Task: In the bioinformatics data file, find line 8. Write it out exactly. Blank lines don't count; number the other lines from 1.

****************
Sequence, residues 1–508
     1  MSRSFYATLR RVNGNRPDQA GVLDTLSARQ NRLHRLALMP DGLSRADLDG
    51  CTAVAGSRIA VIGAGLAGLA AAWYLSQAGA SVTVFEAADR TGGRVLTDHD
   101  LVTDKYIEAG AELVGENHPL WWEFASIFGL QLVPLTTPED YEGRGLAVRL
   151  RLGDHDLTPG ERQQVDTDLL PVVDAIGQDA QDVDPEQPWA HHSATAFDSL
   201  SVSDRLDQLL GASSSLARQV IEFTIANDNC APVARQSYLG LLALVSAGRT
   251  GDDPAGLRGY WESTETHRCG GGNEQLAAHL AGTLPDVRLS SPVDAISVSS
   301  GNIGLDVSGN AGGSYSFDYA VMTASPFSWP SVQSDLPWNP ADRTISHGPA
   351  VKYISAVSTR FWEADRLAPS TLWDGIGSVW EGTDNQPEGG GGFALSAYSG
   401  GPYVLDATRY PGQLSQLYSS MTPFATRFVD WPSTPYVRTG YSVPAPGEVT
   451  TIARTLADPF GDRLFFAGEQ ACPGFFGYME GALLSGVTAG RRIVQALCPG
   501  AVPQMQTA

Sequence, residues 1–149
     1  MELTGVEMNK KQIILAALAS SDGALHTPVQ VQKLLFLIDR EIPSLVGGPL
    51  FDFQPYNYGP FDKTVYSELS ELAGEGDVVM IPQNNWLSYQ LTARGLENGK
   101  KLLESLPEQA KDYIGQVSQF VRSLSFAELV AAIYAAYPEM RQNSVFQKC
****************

   301  GNIGLDVSGN AGGSYSFDYA VMTASPFSWP SVQSDLPWNP ADRTISHGPA